Stitching

*Source code: stitch.**

**Statement of the problem**

We want to reconstruct a surface from a two polygons. Think of it as if
we sliced a volume (e.g. a CAT scan (på svenska ungefär skiktröntgen))
at two *z*-coordinates, converted these two
planar contours into polygons, and we would now like to rebuild a surface
of the body between the polygonal cuts
from these polygons. In this problem, the resulting surface
consists of triangles only.
In the figure to the right, the objective is to "stitch" the square with
the triangle. Notice that vertices of the tile triangles which combines these
two contour polygons is vertices of the contour polygons, with the
vertices of each tile taken two from one polygon and one from the other.

Now suppose we have decided to form a triangle using
P_{1},Q_{1},Q_{2}, shown in the upper left
picture. If the
vertices of the contour are in counterclockwise order and we are forming
triangles in counterclockwise order, we now have two options. Since the
surface built must be without "holes", P_{1} and Q_{2}
must be part of the next triangle. This leaves us with either taking the
the next P-vertex, shown in the left bottom figure,
or taking the next Q-vertex,
shown in the right bottom figure.

Since each triangle uses one new vertex from the contour polygons, the resulting surface will consist of 7 (4+3) triangles.

We would like to know the minimum possible area of such a surface.
**One way** of solving this problem is to form a matrix. Suppose the number
of vertices of the polygons are *m* and *n*. Then build a
matrix with *m* rows and *n* columns. The position in the matrix
corresponds to the two vertices that the next, new, triangle has in
common with the last one. A movement to the right means that we are
constructing a new triangle using a new vertex from the second polygon (Q),
while a movement downwards means a new triangle using a vertex from
the first polygon (P). The movement wraps at the rightmost column and the
downmost row.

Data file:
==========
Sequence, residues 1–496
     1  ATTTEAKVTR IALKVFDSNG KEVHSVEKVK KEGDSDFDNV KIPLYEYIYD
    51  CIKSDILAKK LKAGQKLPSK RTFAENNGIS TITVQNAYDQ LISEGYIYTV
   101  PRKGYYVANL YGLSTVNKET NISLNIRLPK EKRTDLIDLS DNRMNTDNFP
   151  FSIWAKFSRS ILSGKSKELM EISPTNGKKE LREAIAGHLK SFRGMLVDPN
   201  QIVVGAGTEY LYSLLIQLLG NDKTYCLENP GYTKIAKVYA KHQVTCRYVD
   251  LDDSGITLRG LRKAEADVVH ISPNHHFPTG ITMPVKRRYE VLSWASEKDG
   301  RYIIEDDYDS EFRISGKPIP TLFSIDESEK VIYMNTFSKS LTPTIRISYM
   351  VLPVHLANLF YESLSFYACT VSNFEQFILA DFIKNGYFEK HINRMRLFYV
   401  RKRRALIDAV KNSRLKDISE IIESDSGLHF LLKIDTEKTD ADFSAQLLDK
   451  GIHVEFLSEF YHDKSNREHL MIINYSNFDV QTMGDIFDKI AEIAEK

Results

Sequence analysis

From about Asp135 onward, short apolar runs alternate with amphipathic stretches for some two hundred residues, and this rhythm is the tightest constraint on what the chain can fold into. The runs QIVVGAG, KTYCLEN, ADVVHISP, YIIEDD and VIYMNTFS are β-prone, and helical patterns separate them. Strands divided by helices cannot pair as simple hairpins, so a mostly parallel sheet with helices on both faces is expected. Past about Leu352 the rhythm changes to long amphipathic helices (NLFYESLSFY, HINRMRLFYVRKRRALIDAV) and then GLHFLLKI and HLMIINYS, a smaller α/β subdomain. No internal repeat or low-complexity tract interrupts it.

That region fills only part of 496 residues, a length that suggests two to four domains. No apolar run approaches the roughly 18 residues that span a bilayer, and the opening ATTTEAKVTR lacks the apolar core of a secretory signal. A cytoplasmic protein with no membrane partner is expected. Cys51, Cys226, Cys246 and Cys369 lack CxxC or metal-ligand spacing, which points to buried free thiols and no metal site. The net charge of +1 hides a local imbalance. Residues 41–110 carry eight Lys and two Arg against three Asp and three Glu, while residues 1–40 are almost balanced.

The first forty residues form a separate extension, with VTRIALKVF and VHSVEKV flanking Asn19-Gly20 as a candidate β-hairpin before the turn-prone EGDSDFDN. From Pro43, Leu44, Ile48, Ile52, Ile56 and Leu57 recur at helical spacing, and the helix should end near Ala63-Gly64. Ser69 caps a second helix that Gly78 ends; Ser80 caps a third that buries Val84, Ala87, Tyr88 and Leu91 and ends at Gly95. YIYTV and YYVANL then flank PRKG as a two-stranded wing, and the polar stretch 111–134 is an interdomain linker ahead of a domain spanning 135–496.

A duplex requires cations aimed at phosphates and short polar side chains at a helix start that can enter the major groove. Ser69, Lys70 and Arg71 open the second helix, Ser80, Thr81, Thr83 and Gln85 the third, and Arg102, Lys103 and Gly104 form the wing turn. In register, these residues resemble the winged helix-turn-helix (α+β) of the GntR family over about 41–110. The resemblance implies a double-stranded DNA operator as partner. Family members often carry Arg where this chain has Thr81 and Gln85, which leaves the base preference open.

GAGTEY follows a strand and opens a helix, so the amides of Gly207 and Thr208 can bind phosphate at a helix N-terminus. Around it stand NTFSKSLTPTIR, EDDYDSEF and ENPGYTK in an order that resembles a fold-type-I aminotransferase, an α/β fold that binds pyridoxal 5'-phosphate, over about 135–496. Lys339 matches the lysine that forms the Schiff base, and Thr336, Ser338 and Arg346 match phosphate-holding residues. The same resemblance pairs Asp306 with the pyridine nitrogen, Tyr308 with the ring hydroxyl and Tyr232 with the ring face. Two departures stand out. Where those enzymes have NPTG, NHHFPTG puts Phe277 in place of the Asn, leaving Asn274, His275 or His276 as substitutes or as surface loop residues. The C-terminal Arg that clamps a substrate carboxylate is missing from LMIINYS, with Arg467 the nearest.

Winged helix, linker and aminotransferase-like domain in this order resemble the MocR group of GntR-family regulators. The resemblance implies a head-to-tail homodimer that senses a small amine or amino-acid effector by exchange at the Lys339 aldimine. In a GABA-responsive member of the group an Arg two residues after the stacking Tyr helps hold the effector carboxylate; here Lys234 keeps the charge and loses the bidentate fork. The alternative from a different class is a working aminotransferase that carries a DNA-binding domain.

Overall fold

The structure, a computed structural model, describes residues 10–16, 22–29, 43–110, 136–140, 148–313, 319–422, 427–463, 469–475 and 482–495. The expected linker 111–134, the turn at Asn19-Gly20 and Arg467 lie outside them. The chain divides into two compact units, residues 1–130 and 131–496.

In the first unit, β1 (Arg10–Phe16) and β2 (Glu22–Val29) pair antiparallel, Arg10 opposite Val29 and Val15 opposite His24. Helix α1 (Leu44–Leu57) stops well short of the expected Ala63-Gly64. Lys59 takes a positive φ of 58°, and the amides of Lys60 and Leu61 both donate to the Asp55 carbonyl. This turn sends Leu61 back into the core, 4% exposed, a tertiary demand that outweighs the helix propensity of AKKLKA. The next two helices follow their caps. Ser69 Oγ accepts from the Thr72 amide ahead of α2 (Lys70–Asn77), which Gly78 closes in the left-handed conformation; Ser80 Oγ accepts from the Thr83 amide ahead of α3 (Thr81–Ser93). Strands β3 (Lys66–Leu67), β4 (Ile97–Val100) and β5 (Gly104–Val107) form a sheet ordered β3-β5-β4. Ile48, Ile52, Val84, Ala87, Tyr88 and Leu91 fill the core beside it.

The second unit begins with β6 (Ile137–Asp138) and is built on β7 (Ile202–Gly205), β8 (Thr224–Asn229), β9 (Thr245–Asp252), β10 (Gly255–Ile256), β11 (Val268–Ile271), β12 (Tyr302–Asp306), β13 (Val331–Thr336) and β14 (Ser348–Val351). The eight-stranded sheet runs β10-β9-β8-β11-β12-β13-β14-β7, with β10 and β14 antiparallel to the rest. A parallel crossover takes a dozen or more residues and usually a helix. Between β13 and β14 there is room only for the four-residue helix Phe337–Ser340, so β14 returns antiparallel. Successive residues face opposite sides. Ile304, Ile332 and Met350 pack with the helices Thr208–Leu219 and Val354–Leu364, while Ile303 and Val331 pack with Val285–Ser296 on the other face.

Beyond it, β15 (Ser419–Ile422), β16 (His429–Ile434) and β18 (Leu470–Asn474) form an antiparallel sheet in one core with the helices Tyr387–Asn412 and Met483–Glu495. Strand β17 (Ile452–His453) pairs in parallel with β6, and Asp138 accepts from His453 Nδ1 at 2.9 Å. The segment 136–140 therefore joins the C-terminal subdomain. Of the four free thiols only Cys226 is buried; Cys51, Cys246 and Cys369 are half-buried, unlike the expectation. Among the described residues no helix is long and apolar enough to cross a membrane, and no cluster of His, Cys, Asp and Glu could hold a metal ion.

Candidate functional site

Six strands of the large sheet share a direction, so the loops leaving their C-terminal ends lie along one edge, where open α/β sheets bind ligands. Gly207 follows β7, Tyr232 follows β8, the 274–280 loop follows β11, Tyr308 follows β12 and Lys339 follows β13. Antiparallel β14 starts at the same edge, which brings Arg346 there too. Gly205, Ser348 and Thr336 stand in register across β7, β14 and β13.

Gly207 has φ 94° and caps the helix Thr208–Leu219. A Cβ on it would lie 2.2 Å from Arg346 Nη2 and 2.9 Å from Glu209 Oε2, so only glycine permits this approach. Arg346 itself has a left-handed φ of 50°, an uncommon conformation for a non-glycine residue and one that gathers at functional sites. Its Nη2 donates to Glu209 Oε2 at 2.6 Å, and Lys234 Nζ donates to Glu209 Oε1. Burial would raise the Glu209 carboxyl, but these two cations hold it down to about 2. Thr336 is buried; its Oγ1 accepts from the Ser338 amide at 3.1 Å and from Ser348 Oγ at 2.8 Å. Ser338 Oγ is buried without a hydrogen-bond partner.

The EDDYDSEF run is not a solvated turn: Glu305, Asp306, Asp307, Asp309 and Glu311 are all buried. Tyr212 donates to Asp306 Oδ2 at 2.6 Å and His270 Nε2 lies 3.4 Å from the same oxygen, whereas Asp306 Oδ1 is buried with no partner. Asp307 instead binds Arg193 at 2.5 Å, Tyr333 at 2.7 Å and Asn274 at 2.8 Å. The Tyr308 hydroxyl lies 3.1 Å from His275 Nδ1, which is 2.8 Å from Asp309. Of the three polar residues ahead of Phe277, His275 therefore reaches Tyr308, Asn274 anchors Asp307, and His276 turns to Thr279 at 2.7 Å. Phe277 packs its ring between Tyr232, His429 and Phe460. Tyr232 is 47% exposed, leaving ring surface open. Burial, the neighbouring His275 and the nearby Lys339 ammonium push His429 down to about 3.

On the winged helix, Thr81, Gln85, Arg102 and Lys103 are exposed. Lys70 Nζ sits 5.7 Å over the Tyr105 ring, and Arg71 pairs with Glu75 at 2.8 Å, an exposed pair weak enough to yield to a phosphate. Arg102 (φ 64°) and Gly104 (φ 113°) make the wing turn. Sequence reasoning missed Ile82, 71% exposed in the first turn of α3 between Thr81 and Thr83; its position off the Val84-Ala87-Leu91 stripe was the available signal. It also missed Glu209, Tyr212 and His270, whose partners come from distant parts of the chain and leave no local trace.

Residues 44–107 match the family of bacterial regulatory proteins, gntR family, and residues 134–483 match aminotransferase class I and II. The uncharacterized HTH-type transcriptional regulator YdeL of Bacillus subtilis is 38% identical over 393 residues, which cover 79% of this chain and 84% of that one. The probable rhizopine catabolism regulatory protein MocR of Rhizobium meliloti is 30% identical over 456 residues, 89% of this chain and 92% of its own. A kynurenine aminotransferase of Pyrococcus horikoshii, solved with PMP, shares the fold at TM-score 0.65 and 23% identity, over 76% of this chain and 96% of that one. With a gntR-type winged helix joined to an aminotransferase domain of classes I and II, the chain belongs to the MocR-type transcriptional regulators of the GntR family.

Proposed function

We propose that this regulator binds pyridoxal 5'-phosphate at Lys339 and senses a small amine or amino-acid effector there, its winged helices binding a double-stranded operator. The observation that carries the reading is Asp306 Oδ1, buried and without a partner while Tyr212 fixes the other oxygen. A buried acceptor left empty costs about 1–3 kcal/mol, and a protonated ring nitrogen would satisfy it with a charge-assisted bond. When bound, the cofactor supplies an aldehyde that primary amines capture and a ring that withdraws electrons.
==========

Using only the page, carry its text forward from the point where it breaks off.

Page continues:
In the example, we started with the points P_{1} and Q_{1},
and used the point Q_{2} to from a triangle. Then we could either
pick P_{2} as our next point, a downward movement, or pick
Q_{3} as our next point, a rightward movement. Of course, the path
must end up at the starting position. For each movement, a cost is associated,
namely the area of the triangle.

So, the optimization problem can be restated as the problem of finding a closed path with the minimum sum of the costs in the matrix grid, where each horizontal line on the grid is crossed exactly once by the path, and where each vertical line on the grid is crossed exactly once by the path, as in the figure to the right.

Hint. One simple formula to calculate the area of a triangle is Heron's
formula: , where *a*, *b* and *c*
are the lengths of the sides, and *p* is the semiperimeter
(*a*+*b*+*c*)/2.

**Input**

The input starts with a single number on a line, *N*, which stands
for the number of test cases. Following this line are the *N*
test cases. Each test case starts with three numbers *m*, *n*,
*z*_{1}. *m* and *n* are integers, greater than
2 but less than or equal to 20. *m* stands for the number of points in
the first polygon and *n* stands for the number of points in the
second polygon. *z*_{1} is a real positive number which
stands for the *z*-coordinates for the vertices in the second polygon.
The *z*-coordinates for the vertices in the first polygon is zero.
Following this line are *m*+*n* lines with *x*- and
*y*-coordinates of the
simple, not necessarily convex, polygons in counterclockwise order.
All coordinates are real numbers.
First
are the coordinates for the first polygon, followed by the coordinates
for the second polygon.

**Output**

For each test case, output the minimum area of the surface connecting the
both polygons, using five decimal digits. However, trailing zeros may
be omitted.
The output is a real number. A relative error of up to 0.01% is allowed.

**Example**

Input: Output: 2 3.72474 4 3 1 8.00000 0 0 1 0 1 1 0 1 0 0 1 0 0.5 1 4 4 2 0 0 1 0 1 1 0 1 0 0 1 0 1 1 0 1